Agent 47 is back, and more sublimely awesome than ever.
Very few games, at least in recent memory, have allowed for the true meaning of murder to shine through. And that true meaning is entwined, almost endlessly, with the concept of freedom. The true fear, tension and exhilaration from killing comes from not knowing how it’l go down. Even when planned to a T, there’s still room for surprises. IO Interactive’s Hitman: Absolution distills this sensation and imposes it against strong set pieces, situations where stealth is as important as learning when not to kill; where learning when not to kill is as important as reacting quickly enough to killing. It’s imposing at first, sometimes baffling, but therein lies the appeal.
To recap: Agent 47 must kill his ex-controller Diana Burnwood. However, things aren’t as simple as they seem, and Agent 47 knows better than to just leave things be. Going rogue he begins a long and bloody quest that brings him face to face with southern businessman/authority figure Blake Dexter, arguably one of his more twisted adversaries yet. The preview build we played didn’t really push forth many details on the entire situation but the five chapters were deftly crafted and flow effortlessly with the narrative.
Hitman: Absolution doesn’t try to employ any cutting edge story techniques, nor does it weigh down the missions with excessive cut-scenes. Paying attention to developments is important, especially since so many of them happen within the context of the mission. But the segments between missions are tautly constructed. Agent 47 is his usual dead-pan self, Dexter is as sinister as they come (and it’s hard not to see a little Bush-streak in his mannerisms), and the other characters are similarly well-developed. But being 47 doesn’t mean just embodying the man – it means controlling him, and using his most dangerous skills effectively.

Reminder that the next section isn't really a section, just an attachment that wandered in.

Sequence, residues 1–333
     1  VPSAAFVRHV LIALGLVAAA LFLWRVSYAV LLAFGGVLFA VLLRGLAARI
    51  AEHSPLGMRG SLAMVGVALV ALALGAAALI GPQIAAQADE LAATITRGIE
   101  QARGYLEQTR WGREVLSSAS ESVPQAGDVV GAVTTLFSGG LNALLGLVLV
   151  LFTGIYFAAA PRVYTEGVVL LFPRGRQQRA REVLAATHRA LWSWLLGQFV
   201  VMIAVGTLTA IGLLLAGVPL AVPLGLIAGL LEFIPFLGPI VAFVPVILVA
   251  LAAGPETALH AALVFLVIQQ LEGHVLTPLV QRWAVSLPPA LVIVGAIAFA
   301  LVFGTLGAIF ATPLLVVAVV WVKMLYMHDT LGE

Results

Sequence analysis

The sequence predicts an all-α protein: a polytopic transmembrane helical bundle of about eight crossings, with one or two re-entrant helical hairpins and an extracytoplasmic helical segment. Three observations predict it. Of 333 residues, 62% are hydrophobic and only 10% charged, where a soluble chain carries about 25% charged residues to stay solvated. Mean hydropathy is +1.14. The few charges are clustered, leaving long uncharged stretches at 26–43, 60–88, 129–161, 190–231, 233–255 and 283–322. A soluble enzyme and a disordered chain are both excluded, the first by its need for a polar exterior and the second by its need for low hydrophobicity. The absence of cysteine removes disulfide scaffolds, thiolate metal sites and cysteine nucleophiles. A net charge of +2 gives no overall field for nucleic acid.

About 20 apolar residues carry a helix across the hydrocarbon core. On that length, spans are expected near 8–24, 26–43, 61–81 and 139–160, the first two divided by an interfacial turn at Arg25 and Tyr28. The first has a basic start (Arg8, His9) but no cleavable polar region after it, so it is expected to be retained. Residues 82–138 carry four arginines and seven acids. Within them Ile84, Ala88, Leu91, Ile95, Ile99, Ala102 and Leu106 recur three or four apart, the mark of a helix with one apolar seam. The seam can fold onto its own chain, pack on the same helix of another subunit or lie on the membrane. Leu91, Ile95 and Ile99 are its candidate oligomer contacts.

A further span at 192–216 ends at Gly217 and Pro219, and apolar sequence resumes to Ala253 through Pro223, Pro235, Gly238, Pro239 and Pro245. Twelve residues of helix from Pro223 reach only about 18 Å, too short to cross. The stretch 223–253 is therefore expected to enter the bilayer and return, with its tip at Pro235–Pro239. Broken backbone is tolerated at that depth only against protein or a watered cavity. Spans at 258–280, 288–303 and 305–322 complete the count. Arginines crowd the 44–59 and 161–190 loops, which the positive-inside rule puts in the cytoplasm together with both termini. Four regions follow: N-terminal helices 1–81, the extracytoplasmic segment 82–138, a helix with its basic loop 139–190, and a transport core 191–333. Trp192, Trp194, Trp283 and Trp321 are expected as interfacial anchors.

Absolution employs a control scheme that may take getting used to, but it’s never overtly complicated to use, whether in a pinch or while avoiding enemies. A new melee combat system has been installed, which relies on quick time events to disable attackers. You can also fake surrender, in order to sucker an enemy in, before proceeding to take him hostage, commandeering his weapon and annihilating his allies. A Mark & Execute system also comes in handy if you’re surrounded by multiple enemies. The usual mechanics of sneaking, navigating from cover to cover and stealing uniforms to blend in with surroundings is still intact. A special meter for activating Instinct Mode guides you to targets and objectives, along with allowing you to blend in with your enemies.
Be warned however: If enemies get too close of a look, they’ll be on to you. And they’ll be nice enough to tell their friends, depending on how alert they are. The Threat Meter is now a grey circle on the screen, showcasing the direction of alerted enemies. Moving quickly and quietly is thus supremely important. This especially plays a huge role when you have no guns to use. Agent 47 can use objects in the environment to his advantage, to create distractions or even whack enemies over – or through – the skull with.
All of these factors come together for some of the most vibrant levels you’ll see in a third person action game. You’ll sneak past strippers having serious conversations about the loss of their dignity to the more unscrupulous clients. You’ll overhear cops toying with hippies as they attempt to arrest the lot of ’em. The henchmen eschew the traditional, well, henchmen banter in favour of calm, collected conversation. No one feels out of place – except you, if the enemies look hard enough.